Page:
Study Shows Which States Benefited the Most From the Child Tax Credit
Overwhelmingly, parents were using the money to put food on the table and a roof over their kids' heads.
The Child Tax Credit, a first-of-its-kind cash benefit program that gave monthly cash to parents of kids between 0 to 18 from July to December, was a major lifeline during the economic disruption of COVID-19 — an economic disruption that is, by the way, still going, even if the cash benefit has disappeared (at least for now.)
The money, a few hundred dollars per kid per month, was used for rent, clothing, and utilities, and to pay down debts. This tax credit was put to good use, necessary financial protection for millions of families. It reduced child poverty and child hunger significantly. But it’s now gone. But what states across the country benefitted the most from the cash payments? What states stand to lose the most from its sudden disappearance? Well, most of them, it turns out, as even the least reliant state had more than half of its parents saying they needed the cash.
Early data from the program saw that low-income families used the extra money to pay for vital essentials and day-to-day needs. Even parents who are middle or high income used the tax credit for everyday things like food, rent, and clothes. Now, a new study from MagnifyMoney shows that some states needed the child tax credit “more urgently than others.” With this, the credit program’s expiration has had a significantly negative impact on some states more than others.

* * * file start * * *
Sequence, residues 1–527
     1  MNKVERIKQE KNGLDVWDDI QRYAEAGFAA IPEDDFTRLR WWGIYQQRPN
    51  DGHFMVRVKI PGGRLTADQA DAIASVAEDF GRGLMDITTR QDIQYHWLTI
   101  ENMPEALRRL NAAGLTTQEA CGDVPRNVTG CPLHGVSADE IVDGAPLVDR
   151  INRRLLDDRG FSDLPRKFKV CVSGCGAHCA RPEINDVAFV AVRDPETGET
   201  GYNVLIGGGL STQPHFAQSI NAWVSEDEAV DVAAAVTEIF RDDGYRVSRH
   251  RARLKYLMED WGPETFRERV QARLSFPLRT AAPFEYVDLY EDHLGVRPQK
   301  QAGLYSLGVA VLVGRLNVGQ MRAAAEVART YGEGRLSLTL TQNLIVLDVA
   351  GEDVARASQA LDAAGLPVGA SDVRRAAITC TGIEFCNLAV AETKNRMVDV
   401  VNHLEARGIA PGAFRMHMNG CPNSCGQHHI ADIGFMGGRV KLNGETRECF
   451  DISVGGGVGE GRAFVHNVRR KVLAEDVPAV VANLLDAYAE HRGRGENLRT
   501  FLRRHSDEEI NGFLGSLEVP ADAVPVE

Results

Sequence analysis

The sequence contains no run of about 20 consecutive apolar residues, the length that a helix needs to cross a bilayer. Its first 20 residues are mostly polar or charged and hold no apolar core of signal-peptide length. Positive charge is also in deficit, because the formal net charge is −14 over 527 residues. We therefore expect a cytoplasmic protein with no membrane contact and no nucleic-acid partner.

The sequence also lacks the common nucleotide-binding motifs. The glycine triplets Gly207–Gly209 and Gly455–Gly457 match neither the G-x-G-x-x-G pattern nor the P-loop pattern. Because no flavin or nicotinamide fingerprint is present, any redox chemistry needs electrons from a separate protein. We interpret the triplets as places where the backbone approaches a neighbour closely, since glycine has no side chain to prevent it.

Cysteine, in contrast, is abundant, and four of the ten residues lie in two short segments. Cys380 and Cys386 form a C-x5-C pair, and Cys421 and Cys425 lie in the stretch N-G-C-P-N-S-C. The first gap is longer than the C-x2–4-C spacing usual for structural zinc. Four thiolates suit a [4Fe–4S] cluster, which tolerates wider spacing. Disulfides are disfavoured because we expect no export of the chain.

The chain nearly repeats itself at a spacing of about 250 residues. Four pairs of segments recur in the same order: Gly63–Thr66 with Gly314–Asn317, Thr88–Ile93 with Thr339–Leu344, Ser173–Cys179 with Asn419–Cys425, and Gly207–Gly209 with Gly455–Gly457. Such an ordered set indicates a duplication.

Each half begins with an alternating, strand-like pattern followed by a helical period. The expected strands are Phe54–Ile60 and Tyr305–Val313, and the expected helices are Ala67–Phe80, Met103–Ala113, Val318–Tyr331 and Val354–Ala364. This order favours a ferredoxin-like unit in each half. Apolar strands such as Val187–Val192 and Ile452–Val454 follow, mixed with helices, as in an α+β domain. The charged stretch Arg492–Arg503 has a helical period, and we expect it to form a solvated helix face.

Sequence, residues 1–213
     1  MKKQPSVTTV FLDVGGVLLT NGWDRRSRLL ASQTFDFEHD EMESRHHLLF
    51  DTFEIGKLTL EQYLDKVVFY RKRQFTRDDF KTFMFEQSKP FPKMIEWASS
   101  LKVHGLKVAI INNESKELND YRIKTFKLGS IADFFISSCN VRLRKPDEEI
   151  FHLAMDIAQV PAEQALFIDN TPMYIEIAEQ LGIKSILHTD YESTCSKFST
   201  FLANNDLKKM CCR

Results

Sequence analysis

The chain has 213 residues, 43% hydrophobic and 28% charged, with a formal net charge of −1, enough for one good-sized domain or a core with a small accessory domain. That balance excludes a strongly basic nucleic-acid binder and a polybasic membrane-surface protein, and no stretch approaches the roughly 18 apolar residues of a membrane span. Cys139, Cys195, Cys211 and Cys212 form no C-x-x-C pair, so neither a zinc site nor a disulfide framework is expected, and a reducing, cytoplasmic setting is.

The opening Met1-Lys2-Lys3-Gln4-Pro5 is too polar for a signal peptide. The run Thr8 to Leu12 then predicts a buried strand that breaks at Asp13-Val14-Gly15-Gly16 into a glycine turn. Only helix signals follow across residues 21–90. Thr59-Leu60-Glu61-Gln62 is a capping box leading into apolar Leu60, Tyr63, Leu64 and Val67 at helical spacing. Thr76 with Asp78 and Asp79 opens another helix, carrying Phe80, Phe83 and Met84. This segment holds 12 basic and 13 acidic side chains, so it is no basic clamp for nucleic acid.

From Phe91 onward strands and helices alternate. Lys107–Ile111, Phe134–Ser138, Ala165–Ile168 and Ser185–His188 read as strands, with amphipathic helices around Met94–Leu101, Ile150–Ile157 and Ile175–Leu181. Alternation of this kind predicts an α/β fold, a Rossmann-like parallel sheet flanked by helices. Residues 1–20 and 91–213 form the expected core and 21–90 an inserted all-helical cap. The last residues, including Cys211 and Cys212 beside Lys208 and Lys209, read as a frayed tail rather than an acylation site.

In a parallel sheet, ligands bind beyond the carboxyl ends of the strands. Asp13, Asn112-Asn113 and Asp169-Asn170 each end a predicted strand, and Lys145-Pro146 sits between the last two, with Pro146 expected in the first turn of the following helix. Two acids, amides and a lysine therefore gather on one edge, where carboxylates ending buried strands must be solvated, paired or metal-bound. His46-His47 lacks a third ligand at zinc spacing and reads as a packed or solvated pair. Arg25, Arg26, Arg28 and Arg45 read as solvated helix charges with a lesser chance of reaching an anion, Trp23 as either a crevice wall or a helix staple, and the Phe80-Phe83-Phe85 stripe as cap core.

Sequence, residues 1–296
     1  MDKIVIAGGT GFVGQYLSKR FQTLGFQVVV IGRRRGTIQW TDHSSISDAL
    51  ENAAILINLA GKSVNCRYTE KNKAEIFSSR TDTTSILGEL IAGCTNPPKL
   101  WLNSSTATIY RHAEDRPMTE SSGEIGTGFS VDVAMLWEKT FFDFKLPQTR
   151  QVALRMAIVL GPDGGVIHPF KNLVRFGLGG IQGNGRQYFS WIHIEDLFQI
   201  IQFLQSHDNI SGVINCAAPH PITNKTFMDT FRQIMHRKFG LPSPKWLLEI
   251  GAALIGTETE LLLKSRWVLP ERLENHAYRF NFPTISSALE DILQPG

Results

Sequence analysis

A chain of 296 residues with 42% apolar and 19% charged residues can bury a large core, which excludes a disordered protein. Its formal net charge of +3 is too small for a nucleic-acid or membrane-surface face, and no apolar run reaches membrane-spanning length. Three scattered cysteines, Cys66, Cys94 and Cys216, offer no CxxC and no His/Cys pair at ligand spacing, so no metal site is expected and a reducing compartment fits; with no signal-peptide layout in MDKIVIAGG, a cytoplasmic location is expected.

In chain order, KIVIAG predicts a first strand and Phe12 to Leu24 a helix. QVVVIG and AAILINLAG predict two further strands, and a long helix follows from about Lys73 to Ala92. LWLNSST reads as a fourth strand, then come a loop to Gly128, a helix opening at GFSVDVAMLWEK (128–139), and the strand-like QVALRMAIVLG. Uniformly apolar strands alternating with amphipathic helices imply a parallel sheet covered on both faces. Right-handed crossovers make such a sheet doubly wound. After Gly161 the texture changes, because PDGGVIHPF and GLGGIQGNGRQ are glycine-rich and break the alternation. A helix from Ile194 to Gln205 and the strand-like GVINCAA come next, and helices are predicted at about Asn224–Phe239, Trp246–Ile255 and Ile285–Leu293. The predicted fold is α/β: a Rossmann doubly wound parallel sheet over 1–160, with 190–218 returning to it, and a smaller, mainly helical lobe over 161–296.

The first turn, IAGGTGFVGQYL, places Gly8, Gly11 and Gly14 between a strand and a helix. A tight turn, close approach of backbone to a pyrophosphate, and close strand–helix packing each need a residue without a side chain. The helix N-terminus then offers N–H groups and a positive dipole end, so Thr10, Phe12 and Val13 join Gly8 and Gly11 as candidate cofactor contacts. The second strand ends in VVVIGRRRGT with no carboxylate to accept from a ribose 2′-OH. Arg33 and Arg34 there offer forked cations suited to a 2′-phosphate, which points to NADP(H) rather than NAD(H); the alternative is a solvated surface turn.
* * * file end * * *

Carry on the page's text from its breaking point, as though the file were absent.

To find out which states benefited the most from the Child Tax Credit, researchers analyzed U.S. Census Bureau Household Pulse Survey data from December 1 to December 13, 2021. “The survey asked respondents whether they or anyone in their household received a child tax credit payment in the past four weeks,” MagnifyMoney explains.
The survey “then asked whether respondents mostly saved it, mostly spent it, or mostly used it to pay off debt. Lastly, it asked about specific spending categories, including food, clothing, and charitable donations.”
The map shows the states that needed the most help as those with the darkest colors — Mississippi, for example, had 89.9 percent of families who said they urgently needed the tax credit money, followed by Indiana and Pennsylvania. States that needed the tax credit the least are denoted by lighter colors — New Hampshire, Wisconsin, and, apparently, West Virginia, the data states. (For what it’s worth, other data has shown that 346,000 families were relying on the child tax credit and found it “crucial” in the coal-state that is represented by Senator Joe Manchin.)
And all the same, needing the help “the least” didn’t mean only a few parents needed the cash. In West Virginia, all the same, 59.8 percent of parents still said they urgently needed the cash — which means that needing it or relying on it “the least” isn’t all that helpful of a marker. Instead, it might be best to consider this: more than half of parents in every single state — sometimes up to 90 percent of parents in the states across the country — really, really needed that monthly cash, and likely still do. And yet, it’s disappeared regardless. (For full access to the interactive map, go here.)
One thing is very clear though: the Child Tax Credits were a necessary program for families across the country and with it expiring, so many parents and kids are now going without – while we’re still in a pandemic.
“The restart of those advance payments in 2022 would continue that help, which is still important for many families who are still unable to work due to pandemic-related issues,” DepositAccounts founder Ken Tumin says.
Unfortunately, the chances of the Child Tax Credit coming back anytime soon seem very slim.